An interesting story there was we started even getting the cargo planes for lease became very expensive and because everyone was trying to do something similar, we started renting even VIP jets. At one point, we rented a VIP jet that even I have never been on but then we were putting packages on it and shipping all over the world. So creating that kind of air capacity in a very short time and then building that into a framework that can be used for longer-term was something amazing and quick we did and whenever we have to do that a lot of things need to come together. 

One is, do you need to have the right technology for us to organize all the different products at source, figure out the route at which we all need to go, and then how do we fill this capacity when on the airplanes. You put something called a ULD which is a box that you fill all the items in and that's what you load and unload. And so you have this complex math problem of how do we fill it because you want to mix the right amount of weight and cube so that you can maximize the utilization of that. And you just have to come up with all these algorithms quickly to maximize that and then you have to do the safety to make sure that the things that you don't want to get on a plane don't get on a plane. 

And the same thing, once it reaches the destination, how do we unload it, and then from there, how does it go into all the different distribution centers, so creating the technology for that into the end and also rocking the operational process, so we can run that end-to-end, and then making sure that the business is ready to run through all of that. Creating all of that in a matter of few weeks is the speed and scale sometimes we have to run with.

Utsav Shah: First of all, I didn't even know that 45% of all cargo capacity is on passenger flights so that fact itself blew my mind. But it's also interesting that there's so much software involved to ship something like this out. One thing that always fascinated me is that even though Amazon is such a large company, it can operate and ship some things like these so fast, and maybe it's like a secret sauce, how does Amazon get that done? And we've all heard about the two pizza teams and all of that but if there's something else, like something that you've seen is a super important part of the culture.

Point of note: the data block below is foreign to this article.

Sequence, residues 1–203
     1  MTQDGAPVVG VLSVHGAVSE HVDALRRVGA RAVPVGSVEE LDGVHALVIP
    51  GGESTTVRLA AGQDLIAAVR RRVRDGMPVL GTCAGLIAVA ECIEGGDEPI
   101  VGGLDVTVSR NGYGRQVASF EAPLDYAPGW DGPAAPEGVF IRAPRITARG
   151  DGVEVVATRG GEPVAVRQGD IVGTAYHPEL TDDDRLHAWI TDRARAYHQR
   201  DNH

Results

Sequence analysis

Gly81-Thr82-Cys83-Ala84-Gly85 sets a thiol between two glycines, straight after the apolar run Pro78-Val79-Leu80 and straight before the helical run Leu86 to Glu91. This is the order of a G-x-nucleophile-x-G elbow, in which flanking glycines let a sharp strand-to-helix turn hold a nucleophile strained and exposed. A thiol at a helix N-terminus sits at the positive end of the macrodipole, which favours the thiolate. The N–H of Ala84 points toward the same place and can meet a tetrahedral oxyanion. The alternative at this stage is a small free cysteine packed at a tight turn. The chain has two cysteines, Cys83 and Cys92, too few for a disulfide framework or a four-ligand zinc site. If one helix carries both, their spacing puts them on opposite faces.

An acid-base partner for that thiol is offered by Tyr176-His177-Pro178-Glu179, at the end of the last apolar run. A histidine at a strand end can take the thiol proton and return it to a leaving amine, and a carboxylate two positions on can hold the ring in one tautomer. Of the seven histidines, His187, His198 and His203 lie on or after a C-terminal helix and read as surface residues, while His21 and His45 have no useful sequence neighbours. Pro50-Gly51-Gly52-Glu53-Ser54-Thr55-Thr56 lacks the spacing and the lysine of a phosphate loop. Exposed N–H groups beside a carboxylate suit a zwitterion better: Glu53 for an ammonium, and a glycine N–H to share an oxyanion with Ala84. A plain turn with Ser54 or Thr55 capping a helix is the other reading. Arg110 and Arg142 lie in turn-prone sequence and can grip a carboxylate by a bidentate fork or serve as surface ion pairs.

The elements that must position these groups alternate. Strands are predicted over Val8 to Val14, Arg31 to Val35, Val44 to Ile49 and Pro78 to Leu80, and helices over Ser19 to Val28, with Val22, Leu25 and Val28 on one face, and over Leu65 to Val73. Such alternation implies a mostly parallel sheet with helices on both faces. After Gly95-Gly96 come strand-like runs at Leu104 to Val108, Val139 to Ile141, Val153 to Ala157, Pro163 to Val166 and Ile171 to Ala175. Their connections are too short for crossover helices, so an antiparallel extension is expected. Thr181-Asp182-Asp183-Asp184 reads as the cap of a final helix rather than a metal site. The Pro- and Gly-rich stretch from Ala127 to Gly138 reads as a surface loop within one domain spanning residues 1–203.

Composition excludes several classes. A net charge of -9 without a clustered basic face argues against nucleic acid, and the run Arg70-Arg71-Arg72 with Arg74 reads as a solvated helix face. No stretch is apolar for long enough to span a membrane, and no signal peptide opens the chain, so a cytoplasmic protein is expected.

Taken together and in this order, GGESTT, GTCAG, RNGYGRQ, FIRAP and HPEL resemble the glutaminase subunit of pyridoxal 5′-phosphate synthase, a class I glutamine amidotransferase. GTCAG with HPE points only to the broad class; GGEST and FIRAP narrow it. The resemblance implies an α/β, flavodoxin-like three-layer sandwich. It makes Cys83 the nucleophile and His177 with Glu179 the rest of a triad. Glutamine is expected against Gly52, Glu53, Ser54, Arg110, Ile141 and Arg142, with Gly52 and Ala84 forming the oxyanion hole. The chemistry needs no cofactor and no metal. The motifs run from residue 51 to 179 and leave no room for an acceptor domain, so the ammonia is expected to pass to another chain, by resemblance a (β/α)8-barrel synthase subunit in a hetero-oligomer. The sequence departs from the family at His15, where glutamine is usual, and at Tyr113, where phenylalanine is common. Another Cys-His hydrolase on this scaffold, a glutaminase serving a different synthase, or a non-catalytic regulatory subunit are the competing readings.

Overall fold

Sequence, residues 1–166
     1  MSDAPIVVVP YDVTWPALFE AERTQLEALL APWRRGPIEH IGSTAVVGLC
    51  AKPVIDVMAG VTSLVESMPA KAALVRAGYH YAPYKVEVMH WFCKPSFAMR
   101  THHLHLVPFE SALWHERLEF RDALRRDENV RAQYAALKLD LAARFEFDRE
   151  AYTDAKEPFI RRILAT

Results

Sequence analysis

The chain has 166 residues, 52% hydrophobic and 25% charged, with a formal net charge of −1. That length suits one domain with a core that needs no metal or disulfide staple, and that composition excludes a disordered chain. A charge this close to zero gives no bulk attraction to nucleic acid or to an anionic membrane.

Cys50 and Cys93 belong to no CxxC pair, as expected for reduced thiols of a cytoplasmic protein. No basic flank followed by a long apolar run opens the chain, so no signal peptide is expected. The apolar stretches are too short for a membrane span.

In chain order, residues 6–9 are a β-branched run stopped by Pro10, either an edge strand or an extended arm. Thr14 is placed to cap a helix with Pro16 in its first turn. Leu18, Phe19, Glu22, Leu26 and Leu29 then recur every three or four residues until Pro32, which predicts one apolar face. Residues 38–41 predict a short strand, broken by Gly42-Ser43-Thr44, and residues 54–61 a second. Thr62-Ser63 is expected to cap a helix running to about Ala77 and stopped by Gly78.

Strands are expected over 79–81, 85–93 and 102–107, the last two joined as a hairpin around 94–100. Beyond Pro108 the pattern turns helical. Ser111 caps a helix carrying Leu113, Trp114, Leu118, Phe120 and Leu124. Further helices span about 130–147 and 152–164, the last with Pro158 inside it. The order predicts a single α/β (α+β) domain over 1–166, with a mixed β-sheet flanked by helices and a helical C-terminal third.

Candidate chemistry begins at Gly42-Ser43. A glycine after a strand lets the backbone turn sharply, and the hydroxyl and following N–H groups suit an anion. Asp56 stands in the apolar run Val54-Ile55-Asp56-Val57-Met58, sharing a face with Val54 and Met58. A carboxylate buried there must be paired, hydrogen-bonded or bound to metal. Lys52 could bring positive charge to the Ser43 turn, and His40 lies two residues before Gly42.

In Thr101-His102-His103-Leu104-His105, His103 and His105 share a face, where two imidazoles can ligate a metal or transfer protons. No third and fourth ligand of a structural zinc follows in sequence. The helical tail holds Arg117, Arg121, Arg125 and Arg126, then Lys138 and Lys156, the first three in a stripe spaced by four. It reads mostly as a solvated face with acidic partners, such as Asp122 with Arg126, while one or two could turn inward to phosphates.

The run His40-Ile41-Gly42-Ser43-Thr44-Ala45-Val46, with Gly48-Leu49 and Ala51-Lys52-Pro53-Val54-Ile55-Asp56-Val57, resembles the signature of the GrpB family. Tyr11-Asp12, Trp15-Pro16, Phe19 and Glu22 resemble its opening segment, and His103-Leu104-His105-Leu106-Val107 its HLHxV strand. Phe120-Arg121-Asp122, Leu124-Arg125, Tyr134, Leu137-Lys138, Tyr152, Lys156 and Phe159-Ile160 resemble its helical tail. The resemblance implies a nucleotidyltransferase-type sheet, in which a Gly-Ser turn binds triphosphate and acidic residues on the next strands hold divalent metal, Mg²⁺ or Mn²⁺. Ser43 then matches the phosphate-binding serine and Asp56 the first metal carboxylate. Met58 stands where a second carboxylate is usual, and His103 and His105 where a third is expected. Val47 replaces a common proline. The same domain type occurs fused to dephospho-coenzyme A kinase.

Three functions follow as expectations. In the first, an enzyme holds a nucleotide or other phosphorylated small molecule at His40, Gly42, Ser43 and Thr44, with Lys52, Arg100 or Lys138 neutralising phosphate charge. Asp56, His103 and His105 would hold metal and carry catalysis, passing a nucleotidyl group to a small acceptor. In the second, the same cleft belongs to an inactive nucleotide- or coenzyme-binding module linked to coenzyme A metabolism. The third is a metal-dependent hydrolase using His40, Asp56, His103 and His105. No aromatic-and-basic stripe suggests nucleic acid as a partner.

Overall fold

Maju Kuruvilla: One is what you just mentioned, which is the two-pizza team but the other aspect which at least I think allows Amazon to move [10:00] fast is the decision-making capability. So whenever at Amazon, we have to make a decision, we call it one word or a two word or decision. And one word or decision is something that you make a decision and there is no going back, so you have to be extremely thoughtful on whether you make that decision and decide to walk through that door. Whereas a duet or decision is a decision you can make and then if you don't like it, you can always walk back. 

And so for us to move fast, we have to create a lot of [inaudible 10:36] decisions, and then allow the teams and the people involved to make them because it's okay, if they make a mistake, they can always walk back. And decentralizing that decision-making, allowing people, enabling them to make that decision, and then giving them a framework where most of the decisions are just too [inaudible10:58] decisions where they can walk back so that it creates a very fast decision making. And execute and enabling people to make those decisions fast and then allow them to verify if this is working or not so that they can walk back.